Photos depicting the ongoing battle against the Islamic State are hard to come by, with many of the most prominent images often taken by the militants themselves. Since the world's focus shifted to the northern Syrian city of Kobane, a Kurdish haven located right next to the Turkish border, that has changed. There has been no shortage of dramatic footage, filmed from relative safety across the border in Turkey.


Smoke rises after a U.S.-led coalition airstrike on Kobane, Syria, as seen from the Turkish side of the border, near Suruc district, Sanliurfa, Turkey, 18 October 2014. (EPA/TOLGA BOZOGLU)

New satellite images -- released by the United Nations Institute for Training and Research and shot by Digital Globe -- offer another perspective. The pictures show from bird's eye view how Kobane has turned into a war zone. The first set of pictures was shot Sept. 6, a few weeks before the fighting in the city reached international front pages. The second set of images was taken last Wednesday, Oct. 15.

On their flight, Syrians abandoned their cars at a border crossing

This is one of the most striking photo comparisons, although it does not show any actual destruction. Syrian refugees who fled the battle zone left their cars on the Syrian side of the border with Turkey.

Many Syrian refugees now live in this camp nearby

These satellite images depict a refugee camp, built within weeks on the Turkish side of the border. While fighting continues only a few kilometers away from the camp, many refugees have decided to travel farther. Some of the estimated 200,000 residents of Kobane and surrounding villages who have fled said they didn't feel welcome in Turkey and have headed to the autonomous Kurdish region in Iraq. Many of them were forced to leave without being able to take their belongings across the Turkish border.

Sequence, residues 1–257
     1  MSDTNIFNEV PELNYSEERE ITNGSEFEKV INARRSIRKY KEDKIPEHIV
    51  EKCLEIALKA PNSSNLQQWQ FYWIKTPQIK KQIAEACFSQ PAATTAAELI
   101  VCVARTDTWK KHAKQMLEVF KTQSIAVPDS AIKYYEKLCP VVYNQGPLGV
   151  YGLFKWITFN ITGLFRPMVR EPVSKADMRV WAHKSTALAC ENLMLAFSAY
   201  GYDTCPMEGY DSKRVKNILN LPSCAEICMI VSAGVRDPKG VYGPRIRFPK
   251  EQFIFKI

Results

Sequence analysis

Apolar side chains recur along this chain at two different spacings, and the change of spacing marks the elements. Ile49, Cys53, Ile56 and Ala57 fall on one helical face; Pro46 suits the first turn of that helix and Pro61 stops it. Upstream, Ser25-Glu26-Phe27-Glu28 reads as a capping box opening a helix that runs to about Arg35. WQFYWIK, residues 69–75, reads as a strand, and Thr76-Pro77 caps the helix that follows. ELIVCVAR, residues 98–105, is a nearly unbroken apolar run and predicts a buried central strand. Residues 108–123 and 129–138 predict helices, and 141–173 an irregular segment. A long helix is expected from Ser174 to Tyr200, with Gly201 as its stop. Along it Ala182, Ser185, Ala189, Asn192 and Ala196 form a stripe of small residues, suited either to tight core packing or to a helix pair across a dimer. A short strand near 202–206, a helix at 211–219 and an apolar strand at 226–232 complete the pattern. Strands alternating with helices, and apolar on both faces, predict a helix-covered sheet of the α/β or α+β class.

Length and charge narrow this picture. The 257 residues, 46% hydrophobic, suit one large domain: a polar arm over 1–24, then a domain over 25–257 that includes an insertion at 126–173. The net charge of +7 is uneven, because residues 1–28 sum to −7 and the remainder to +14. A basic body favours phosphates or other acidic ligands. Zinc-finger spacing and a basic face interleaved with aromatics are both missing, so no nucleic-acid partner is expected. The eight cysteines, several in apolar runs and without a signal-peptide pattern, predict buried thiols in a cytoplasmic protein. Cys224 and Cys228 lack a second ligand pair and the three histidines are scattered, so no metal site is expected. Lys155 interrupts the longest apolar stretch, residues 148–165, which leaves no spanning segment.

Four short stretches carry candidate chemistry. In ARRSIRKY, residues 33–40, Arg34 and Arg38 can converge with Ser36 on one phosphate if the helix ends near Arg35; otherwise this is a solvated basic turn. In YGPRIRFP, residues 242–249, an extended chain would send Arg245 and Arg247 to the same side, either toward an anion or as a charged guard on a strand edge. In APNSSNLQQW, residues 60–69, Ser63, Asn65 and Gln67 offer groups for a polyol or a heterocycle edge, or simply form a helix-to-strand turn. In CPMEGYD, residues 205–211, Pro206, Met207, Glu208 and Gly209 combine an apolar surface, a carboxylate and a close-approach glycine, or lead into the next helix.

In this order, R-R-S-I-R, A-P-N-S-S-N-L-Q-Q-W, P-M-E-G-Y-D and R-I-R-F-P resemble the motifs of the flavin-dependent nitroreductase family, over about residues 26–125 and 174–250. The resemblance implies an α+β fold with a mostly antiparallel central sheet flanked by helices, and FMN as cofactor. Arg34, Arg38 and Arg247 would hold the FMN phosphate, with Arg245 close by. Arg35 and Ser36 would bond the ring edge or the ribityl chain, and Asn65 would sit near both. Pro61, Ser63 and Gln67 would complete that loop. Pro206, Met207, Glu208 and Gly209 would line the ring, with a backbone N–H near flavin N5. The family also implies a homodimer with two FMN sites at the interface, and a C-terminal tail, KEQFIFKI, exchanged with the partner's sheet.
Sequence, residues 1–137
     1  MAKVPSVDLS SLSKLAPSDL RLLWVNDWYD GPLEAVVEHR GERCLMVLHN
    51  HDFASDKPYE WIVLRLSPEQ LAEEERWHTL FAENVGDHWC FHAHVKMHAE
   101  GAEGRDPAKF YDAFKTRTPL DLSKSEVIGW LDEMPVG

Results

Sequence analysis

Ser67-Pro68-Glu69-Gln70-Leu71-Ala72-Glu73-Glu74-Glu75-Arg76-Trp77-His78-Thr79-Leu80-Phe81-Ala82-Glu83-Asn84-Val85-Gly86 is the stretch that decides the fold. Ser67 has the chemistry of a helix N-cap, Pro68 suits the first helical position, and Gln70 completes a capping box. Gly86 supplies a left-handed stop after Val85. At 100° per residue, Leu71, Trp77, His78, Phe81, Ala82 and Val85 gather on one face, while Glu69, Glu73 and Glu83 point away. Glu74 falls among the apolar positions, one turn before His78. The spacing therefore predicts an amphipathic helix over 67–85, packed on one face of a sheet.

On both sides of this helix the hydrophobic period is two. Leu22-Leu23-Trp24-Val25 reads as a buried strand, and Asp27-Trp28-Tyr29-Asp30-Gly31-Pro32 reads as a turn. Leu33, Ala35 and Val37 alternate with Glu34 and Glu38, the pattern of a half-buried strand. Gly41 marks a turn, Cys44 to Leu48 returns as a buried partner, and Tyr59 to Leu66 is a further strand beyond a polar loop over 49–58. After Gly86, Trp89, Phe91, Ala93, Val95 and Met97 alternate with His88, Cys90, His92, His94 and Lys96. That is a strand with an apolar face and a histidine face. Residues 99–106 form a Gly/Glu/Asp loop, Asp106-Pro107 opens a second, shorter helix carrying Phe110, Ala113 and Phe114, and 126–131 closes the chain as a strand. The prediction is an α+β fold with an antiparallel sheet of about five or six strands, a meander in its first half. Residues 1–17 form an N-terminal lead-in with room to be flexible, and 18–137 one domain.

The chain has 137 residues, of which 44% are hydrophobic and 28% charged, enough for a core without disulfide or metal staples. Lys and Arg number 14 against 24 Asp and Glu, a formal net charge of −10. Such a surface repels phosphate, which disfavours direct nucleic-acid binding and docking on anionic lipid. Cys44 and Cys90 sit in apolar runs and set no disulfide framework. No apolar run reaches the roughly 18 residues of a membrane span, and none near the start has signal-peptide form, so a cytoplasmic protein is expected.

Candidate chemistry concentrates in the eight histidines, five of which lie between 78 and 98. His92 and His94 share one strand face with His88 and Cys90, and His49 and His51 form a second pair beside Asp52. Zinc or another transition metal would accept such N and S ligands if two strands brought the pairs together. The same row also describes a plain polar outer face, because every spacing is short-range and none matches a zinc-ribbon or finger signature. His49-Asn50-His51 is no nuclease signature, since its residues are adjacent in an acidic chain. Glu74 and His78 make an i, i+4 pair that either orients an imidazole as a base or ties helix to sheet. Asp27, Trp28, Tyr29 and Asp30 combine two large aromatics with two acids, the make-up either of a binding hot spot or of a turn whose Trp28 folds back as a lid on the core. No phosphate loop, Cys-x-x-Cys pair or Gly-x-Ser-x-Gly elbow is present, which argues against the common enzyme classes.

"We left everything, apart from this,” a young woman told France 24 television, pointing at rolls of bedding and some shopping bags. "We don't have anything. We just ran.”

If Kobane's citizens were able to return, they would find a largely destroyed city

Days of fighting have left many of the city's buildings destroyed. Houses have turned into craters. The United Nations does not specify whether the damage visible in the pictures was caused by the Islamic State militants, Kurdish fighters or airstrikes conducted by the U.S.-led alliance against the Islamic State.

The signs of fighting are spread all over the city

The next picture -- for which the United Nations did not provide a comparison to a previously taken satellite image -- shows details of the street fights between Islamic State militants and Kurdish fighters. A roadblock has been set up, and "vehicle traffic is almost entirely absent throughout the town," according to the U.N. Institute for Training and Research.


(Photos: Digital Globe 2014/ Unitar)

Another visual comparison focuses on a roadblock that is supposed to bar access to the city. The United Nations does not specify to which faction of fighters the blockade belongs.

The next image shows a fortified fighting position inside the city:

Although the Kurds announced last week that they had forced the Islamic State militants to retreat from some areas of the city, they urged the alliance to provide them with new weapons and ammunition.

On Sunday, the United States followed those demands by airdropping supplies, and Turkey agreed Monday to allow Iraqi Kurdish fighters to cross the border, enabling them to support the Syrian Kurds who are already fighting the Islamic State in Kobane.